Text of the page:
There is a common theme running through the Juventus side who have reached their first Champions League final since 2003. Paul Pogba was unwanted by Manchester United, Alvaro Morata was unwanted by Real Madrid, Carlos Tevez was unwanted by Manchester City, and even coach Massimiliano Allegri was unwanted by Juventus supporters.
When he turned up in Turin last July after an uninspiring spell at Milan which ended in the sack, he followed the hugely popular Antonio Conte. But he has taken Juve’s domestic dominance and given it European pedigree. And he has done it with a team of senior pros in the twilight of their careers and players with points to prove after rejection elsewhere.
When Juventus president Andrea Agnelli and chief executive Giuseppe Marotta picked Allegri as Conte’s successor, some Juventus supporters even went to the club’s Vinovo training base to demand that the decision be reversed.
Ten months on, Juventus have won the league, are in their first Coppa Italia final since 1995 and face Barcelona in Berlin on 6 June. Allegri has done it by galvanising a group that had been too easily picked apart in Europe with a predictable 3-5-2 formation.
His tactical awareness has been a bonus for the players, but they seem to have reacted to the 47-year-old on a more basic human level. Perhaps they see something of themselves in their coach – a little underrated, a little overlooked.
Morata’s unwillingness to celebrate either of his semi-final goals against Real Madrid was born of a genuine connection with the club he signed for aged 16. He had broken through under Jose Mourinho but was shunted back down the pecking order by Gareth Bale’s arrival, Jese Rodriguez’s emergence and Cristiano Ronaldo’s morphing from wide forward to centre-forward.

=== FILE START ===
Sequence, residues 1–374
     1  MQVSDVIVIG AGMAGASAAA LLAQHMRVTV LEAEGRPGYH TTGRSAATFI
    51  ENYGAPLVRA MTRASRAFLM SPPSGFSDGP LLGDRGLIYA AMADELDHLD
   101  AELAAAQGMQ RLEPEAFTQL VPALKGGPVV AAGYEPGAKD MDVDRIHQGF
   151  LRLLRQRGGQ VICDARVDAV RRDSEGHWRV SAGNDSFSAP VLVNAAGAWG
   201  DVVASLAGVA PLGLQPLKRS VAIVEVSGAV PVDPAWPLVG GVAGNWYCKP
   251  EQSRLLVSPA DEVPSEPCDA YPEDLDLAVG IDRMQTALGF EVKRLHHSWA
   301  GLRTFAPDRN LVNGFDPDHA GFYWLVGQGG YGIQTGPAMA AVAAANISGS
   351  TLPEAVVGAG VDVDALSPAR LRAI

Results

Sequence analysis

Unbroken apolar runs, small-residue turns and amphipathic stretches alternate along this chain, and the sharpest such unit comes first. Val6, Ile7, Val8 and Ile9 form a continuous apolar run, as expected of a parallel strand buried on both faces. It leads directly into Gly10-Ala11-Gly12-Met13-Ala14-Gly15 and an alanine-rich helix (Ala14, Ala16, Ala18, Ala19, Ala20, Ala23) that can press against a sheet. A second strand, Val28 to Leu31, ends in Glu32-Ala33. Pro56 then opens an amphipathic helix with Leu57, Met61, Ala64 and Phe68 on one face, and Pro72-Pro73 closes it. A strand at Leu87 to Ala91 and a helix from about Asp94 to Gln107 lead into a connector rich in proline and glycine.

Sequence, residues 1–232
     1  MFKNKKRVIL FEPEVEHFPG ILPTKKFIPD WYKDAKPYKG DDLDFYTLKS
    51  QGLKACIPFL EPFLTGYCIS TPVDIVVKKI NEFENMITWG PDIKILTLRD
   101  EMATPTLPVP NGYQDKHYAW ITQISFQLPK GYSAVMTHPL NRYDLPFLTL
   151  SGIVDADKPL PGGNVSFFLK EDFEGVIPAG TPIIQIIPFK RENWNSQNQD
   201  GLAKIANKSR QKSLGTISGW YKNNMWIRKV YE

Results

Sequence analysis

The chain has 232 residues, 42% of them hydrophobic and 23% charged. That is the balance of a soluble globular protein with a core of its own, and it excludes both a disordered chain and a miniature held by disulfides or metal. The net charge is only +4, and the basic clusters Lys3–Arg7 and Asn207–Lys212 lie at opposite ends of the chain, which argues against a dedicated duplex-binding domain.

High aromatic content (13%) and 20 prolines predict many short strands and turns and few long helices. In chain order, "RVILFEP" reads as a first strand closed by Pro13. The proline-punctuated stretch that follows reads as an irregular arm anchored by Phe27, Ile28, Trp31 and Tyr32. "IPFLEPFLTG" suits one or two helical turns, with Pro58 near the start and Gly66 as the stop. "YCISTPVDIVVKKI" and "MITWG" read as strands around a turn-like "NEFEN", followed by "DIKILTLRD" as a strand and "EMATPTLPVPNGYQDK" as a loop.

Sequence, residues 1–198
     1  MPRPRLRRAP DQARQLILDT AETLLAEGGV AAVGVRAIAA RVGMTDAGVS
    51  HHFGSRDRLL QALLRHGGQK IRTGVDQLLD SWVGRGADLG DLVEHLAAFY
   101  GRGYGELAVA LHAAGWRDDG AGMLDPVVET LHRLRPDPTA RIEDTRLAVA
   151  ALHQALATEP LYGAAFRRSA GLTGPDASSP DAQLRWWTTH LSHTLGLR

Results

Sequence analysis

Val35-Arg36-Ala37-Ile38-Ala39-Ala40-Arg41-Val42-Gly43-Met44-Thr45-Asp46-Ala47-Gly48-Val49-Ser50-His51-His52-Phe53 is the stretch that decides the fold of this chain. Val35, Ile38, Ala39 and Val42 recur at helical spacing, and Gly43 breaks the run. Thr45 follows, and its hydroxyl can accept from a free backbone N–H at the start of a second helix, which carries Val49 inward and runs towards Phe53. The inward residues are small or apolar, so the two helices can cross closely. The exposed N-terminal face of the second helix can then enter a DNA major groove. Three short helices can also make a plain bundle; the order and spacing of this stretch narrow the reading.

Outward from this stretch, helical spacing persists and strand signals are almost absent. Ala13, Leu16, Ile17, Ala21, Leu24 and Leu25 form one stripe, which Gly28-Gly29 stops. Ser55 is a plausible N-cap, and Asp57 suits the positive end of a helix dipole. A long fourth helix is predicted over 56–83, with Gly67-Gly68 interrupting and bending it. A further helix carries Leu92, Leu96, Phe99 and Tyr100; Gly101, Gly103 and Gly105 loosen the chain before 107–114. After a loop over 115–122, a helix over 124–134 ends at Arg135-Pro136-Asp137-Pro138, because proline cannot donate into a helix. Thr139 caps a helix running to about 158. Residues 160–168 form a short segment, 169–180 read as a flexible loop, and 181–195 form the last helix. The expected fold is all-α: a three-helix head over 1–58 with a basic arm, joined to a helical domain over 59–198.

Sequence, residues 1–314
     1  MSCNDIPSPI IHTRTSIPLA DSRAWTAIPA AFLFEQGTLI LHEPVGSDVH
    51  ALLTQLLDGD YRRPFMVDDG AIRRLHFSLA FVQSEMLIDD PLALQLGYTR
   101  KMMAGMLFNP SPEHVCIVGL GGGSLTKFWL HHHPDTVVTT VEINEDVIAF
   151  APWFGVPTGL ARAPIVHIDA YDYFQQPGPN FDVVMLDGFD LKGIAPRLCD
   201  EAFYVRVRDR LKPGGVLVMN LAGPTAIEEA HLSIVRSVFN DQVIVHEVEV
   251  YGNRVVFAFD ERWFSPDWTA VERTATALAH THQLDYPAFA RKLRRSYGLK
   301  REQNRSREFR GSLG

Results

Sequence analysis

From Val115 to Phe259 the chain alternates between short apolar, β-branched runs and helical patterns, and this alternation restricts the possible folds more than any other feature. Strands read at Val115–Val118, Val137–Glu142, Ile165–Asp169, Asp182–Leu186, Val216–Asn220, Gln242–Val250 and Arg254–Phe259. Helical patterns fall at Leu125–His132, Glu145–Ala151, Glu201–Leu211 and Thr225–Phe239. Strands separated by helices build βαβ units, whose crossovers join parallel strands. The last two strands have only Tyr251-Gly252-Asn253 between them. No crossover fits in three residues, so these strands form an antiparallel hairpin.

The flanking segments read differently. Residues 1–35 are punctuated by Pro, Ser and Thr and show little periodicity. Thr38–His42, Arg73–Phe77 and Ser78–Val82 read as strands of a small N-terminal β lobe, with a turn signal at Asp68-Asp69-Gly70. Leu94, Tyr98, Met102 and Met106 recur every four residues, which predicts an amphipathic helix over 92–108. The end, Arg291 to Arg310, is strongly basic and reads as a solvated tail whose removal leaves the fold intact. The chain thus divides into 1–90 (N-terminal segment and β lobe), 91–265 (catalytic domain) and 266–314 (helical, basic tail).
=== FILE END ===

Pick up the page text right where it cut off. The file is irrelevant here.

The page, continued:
Last year he came on towards the end of the Champions League final, but there was no commitment to keep him and he was sold to Juventus in the summer for £16m. At first it seemed he would stay as a squad player in Turin but he has displaced Fernando Llorente as Tevez’s first-choice strike partner and has made his debut and scored for Spain’s senior team.
Tevez is another of sporting director Fabio Paratici’s big success stories. Back in 2011, the Argentine had became an outcast at Manchester City after arguing with Roberto Mancini on the touchline when the then City manager asked him to come on against Bayern Munich.
It always felt that Tevez had been a convenient diversion for Mancini after another poor away performance in the Champions League. But he declared after the match that the player was “finished”. The portrayal of a dressing-room pariah – and his £90,000-a-week wage demands – put off potential suitors and it wasn’t until 2013 that Juventus took a chance on him.
He has scored 29 goals in 45 games this season and his performance in the Champions League semi-final first leg, shooting to create the first goal that was tapped in by Morata on the rebound, then scoring a second-half penalty, took Juventus within 90 minutes of Berlin.